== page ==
As Catholics commemorate Jesus’s passion on Good Friday, the Vatican is asking them to support the Church in the Holy Land with their prayers, financial contributions and possibly by making a pilgrimage.
The global Holy Land Collection is taken up in most dioceses around the world on Good Friday, which is April 14 this year.
The sites of Jesus’s birth and of his death and resurrection have been undergoing restoration work and the Franciscan Custody of the Holy Land announced in late March that the Vatican had pledged a further $1 million for the second phases of projects at the Basilica of the Nativity in Bethlehem and the Church of the Holy Sepulchre in Jerusalem.
The first phase of the work in Jerusalem, which repaired damage and reinforced the Edicule of the Tomb, believed to be where Jesus was laid to rest after his crucifixion, was to be inaugurated on March 22 during an ecumenical prayer service.
The hoped-for second phase of the project would seek to resolve problems due to moisture under the floor around the Edicule.
Work cannot begin, however, until details of the project are agreed upon by the Catholic, Greek Orthodox and Armenian Orthodox communities that share responsibility for the Church.
The work in Bethlehem has restored Crusader-era mosaics and brought to light some that had been plastered over; the next phase — again pending ecumenical agreement — would include work on the church columns, floor mosaics and the grotto, which is marked as the birthplace of Jesus.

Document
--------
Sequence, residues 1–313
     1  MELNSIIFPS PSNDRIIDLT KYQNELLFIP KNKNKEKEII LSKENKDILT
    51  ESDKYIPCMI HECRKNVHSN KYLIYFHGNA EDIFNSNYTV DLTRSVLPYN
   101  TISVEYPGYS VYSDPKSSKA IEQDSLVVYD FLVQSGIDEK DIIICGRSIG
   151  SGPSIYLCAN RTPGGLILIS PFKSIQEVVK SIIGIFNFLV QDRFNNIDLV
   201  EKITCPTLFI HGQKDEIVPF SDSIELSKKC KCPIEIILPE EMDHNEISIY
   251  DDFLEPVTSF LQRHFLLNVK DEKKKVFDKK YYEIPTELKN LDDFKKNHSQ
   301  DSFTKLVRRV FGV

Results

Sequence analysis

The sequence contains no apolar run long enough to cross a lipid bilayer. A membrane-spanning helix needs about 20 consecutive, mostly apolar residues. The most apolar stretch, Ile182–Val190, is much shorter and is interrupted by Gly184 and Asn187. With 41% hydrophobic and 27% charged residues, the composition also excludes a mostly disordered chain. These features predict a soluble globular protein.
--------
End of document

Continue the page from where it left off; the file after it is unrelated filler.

Releasing material about the annual Good Friday collection, the Vatican noted that the presence of Christianity in the Holy Land is not limited to historical sites and places of pilgrimage. “A Christian community has remained in the region down through the centuries, even at the cost of great sacrifice and martyrdom.”
The collection ensures not only that the buildings remain accessible, but that local Christians are able to stay in their homeland.
Funds gathered support young families, parishes, seminaries, schools, hospitals and clinics, refugees and small businesses.
Cardinal Leonardo Sandri, prefect of the Congregation for Eastern Churches, which coordinates the collection, also noted that pilgrimages are an essential support for the Church in the Holy Land.
“A journey to the sacred places in the footsteps of Christ can not only lead the pilgrim to a revival of his faith and a rediscovery of his origins, but it can also serve as a powerful instrument in the new evangelisation,” the cardinal said in a statement released on March 18 by the Vatican.
Additionally, he said, “pilgrimages are an essential resource for the Christian population of the Holy Land. In fact, according to recent statistics, at least 30 per cent of the local community in Jerusalem and in Bethlehem live and work thanks to the presence of pilgrims.”
According to Cardinal Sandri’s office, the Holy Land Collection in 2015-16 brought in more than $7.2 million. The largest recipient of funds is the Franciscan Custody of the Holy Land, which staffs most of the historic Christians sites in the region, in addition to running parishes, schools and other programs. Money also is given to the Latin Patriarchate of Jerusalem and the Melkite, Coptic, Maronite, Syrian, Chaldean and Armenian Catholic dioceses in the region.